Carr and the Texans did a lot of that in 2005, when the team regressed from 7-9 in its third season to a league-worst 2-14, resulting in the dismissal of virtually the entire coaching staff at season's end. Houston's offensive problems could be traced to the fact that, essentially, the Texans had three schemes last year: Palmer's, a combination of Palmer's and Joe Pendry's after Pendry was promoted from offensive line coach to replace the fired Palmer, and just Pendry's once he decided to scrap Palmer's philosophy and do his own thing.
The result was an offense that couldn't do much of anything -- tied for 26th in scoring, 30th in passing, 30th in total offense -- and a shell-shocked quarterback who came to expect to either be hit or sacked, and therefore fell into the habit of cutting short his read progressions.
Carr continued feeling the heat after the season, with the team under local pressure to dump him and select University of Texans quarterback and hometown hero Vince Young with the first overall pick. The Texans interviewed Kubiak during the playoffs and he showed them everything that was wrong with Carr and yet told them he was still the right quarterback for them. Kubiak continued evaluating Carr -- whom he had seen up close when the Broncos would scrimmage the Texans -- when he got the gig and saw the same thing: a tough (16 starts in three of four seasons) player with all the tools. Houston killed the Young buzz when it picked up Carr's $8 million option bonus, extending his contract through the 2008 season.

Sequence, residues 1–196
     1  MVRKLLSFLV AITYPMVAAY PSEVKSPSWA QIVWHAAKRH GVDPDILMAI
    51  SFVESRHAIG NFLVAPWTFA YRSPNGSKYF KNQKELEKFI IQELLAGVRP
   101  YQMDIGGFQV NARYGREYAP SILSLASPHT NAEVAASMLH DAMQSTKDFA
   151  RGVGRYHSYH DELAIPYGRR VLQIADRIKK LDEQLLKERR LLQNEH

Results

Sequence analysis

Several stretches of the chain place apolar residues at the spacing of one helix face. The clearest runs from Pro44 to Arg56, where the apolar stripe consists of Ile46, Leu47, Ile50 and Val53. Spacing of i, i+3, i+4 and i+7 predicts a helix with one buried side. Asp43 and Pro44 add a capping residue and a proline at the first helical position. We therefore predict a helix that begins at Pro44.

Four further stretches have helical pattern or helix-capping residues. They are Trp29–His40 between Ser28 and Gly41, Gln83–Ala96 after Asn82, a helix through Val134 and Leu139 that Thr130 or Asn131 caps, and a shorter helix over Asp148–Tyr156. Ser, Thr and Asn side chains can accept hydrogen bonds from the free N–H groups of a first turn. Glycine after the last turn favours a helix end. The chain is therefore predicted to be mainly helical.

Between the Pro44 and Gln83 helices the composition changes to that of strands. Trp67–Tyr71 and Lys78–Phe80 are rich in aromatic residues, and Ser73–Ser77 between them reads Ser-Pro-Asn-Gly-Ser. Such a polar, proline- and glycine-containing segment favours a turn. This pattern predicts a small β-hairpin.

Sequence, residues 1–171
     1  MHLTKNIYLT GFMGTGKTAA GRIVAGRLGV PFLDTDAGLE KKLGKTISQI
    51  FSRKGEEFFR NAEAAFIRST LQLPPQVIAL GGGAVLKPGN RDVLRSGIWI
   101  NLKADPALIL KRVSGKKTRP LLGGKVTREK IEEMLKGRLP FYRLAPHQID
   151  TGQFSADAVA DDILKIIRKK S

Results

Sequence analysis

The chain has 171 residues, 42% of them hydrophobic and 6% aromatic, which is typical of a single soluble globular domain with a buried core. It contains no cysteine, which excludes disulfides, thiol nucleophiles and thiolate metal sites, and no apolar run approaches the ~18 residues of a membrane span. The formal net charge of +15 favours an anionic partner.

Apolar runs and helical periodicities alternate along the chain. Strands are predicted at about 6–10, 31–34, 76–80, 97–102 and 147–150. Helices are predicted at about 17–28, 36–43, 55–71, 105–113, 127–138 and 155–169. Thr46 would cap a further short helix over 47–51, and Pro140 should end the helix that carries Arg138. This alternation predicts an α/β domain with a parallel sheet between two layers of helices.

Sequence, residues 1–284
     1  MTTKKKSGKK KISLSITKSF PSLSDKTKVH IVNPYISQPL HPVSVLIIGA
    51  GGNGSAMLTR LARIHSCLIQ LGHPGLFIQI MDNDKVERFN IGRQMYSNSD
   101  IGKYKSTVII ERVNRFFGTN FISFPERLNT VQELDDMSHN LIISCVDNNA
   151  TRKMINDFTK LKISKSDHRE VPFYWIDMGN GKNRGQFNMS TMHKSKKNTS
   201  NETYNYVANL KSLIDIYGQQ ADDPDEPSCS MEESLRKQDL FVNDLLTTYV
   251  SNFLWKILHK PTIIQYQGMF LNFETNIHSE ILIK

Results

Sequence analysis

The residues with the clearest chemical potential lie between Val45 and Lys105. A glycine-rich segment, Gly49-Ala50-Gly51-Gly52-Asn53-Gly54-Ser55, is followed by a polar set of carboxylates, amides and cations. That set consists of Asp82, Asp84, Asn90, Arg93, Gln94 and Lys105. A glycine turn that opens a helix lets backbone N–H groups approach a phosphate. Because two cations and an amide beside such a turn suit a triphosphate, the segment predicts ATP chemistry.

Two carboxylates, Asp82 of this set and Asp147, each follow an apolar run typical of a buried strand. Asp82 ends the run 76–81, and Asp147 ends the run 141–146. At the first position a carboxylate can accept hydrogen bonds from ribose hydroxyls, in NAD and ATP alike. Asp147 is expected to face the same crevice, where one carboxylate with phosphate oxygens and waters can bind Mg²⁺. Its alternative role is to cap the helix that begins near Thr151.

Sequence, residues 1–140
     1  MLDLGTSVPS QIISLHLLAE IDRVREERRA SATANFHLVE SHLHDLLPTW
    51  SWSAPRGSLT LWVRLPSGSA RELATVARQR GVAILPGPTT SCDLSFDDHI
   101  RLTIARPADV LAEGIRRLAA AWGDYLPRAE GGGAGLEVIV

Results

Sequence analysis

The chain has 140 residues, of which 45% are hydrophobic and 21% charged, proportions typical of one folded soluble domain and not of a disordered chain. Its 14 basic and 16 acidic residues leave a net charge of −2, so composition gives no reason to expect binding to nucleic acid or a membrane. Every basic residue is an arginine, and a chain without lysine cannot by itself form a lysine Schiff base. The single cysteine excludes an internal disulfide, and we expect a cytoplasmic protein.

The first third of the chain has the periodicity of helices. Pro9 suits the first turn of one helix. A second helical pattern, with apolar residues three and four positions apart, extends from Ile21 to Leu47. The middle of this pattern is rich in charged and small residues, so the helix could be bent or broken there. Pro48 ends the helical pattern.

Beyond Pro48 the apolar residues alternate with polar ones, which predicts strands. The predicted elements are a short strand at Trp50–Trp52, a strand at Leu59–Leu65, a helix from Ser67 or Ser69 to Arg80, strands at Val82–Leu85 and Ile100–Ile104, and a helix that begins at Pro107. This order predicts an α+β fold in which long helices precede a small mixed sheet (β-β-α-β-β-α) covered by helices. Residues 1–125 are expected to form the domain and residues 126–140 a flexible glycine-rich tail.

"That didn't take long at all," Kubiak says of his Carr diagnosis. "You say, 'This is what I want: a great kid who's athletic and can make every throw.' Well, there he is. He's standing right there. It's easy in the business to say I don't think this guy can do it, let's go get another one. We don't want to do things easy."
The next step, then, was to make life easier for Carr by accessorizing, if you will, the offense. Houston got Moulds from the Bills and signed Kevin Walter from Cincinnati to be the third wideout. Add Andre Johnson and Carr has a trio of receivers that goes 6-foot-2, 6-3 and 6-3, respectively. The tandem of Johnson and Moulds gives Carr, really, a No. 1 on each side. Kubiak brought Jeb Putzier with him from Denver to stretch the field from the tight end spot.
Perhaps most important, Kubiak brings with him the Broncos' successful zone-blocking scheme. So count on the Texans and their oft-maligned offensive line -- which is now coached by former Green Bay head coach Mike Sherman and features veteran center Mike Flanagan, another ex-Packer -- will run the ball. That much is a given. The plan is to have Carr pass 25 times a game; including the aforementioned 208 sacks, he's averaged close to 31 dropbacks a game in his career. And when he does throw, look for Carr to do quite a bit of running himself, though not the kind to which he is accustomed. Kubiak and Calhoun are going to help the 27-year-old Carr help in pass protection by having him put those wheels of his to use.